IMO a lot of distributors and salesman don't want to make this type info available because they are afraid it will spook the buyer. But if you review and understand the steps above, you should have good pours.
I think mikehartigan responded appropriately to what you originally posted. If you had mentioned fast force carbonation in the first place, and that it's headspace pressure that would have to be released (one time), that would have made sense. Also, 4-8 psi at typical fridge temps is eventually going to result in undercarbonated beer or low-end range carbonation for most styles.
yeah Mike, have you ever carbonated a homebrew keg? huh?
Grant, what you are saying is that 1, if you apply to much pressure too a keg of beer you need to release the excess pressure, which is quite astute 2, who said homebrew?
the answer for the OP is 11, unless its domestic, then 8. but if it is domestic and you live on a mountain top, then 6.
it's the only way to get it just right.
37 degrees and using 1/6 nano's ...have pressure set @ 12psi but getting lots of foam. After reading other posts it looks like I need to keep dialing the Co2 downward till I get desired head.
37F is a little colder than many/most people keep their beer (but it's fine). But all other things being equal, you'll need less CO2 PSI (at 37F) to get the volumes of CO2 you want.
12 PSI @ 37F will reach equilibrium at about 2.7 volumes of CO2, which is a little high. The majority of beer styles are best in the 2.0 to 2.5 volumes of CO2 range. The first thing to do is decide what volumes you want. Then figure out what PSI you need to get there at 37F. Here's a chart...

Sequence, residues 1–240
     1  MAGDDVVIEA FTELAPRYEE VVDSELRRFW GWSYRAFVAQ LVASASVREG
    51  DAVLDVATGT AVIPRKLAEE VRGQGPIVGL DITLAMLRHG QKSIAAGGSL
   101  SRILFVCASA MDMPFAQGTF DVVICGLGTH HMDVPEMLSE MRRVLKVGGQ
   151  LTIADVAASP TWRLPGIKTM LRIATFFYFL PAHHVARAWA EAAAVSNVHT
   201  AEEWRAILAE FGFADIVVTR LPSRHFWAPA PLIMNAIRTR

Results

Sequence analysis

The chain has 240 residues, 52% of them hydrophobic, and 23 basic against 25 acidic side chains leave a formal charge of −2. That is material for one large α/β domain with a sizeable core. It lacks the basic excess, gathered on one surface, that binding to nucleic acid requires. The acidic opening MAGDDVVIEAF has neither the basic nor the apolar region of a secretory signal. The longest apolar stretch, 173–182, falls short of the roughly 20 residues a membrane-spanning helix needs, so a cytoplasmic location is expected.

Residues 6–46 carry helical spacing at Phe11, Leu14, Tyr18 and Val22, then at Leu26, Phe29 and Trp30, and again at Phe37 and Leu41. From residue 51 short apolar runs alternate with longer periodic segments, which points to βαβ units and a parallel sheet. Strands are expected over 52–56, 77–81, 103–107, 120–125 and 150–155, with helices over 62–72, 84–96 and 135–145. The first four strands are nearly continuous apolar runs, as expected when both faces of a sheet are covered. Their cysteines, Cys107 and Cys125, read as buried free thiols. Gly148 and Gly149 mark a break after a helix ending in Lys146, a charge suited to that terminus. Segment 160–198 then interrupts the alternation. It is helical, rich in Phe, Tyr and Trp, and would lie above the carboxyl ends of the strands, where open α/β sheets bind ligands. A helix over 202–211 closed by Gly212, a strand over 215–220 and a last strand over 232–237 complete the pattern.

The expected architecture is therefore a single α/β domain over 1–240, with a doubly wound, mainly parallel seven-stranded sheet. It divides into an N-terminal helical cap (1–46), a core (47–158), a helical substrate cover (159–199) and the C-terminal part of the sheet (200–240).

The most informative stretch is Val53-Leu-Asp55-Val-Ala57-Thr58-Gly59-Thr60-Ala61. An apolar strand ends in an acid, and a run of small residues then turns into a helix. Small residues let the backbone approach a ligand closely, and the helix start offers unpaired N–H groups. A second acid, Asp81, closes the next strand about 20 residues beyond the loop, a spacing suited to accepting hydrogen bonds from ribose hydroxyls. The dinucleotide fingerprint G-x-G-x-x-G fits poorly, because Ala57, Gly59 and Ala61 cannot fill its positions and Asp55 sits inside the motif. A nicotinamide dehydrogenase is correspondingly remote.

Then, if you are still getting foamy pours, increase the length of your beer line, which will add resistance and balance your pours. (Or if it's just the first pour or two that are foamy, add an internal fan to keep your beer lines in the tower cold.)
Edit: I meant to start out by saying that simply cranking CO2 PSI down to get the head you want may result in an undercarbonated or overcarbonated beer. Foam is related to CO2 volume, but there are other factors that affect it too.
What brand and model of kegerator are we talking about? If a consumer model there are likely a few tweaks to be made, if a commercial unit you are much closer to the end game.
What beer are you pouring? It would be best to use the volumes of CO2 it was packaged at rather than guess at what it is supposed to be.
Yes, I've carbonated a homebrew keg or two. Unless I'm in a big hurry, there's no excess pressure to release. And 4-8psi is still likely to give you flat beer.
Have you ever driven a car? You hit the gas for 5 mins. That said, there is a buildup of speed beyond the desired setting. Therefore, you have to release the gas pedal, adjust the speed, then connect it. The car won't be slow because you were going fast. Thanks for your opinion.
Grant, a little tip since you've embarrassed yourself already: a liquid and a gas are a liquid and a gas, no matter whether they're homebrewed or commercially brewed.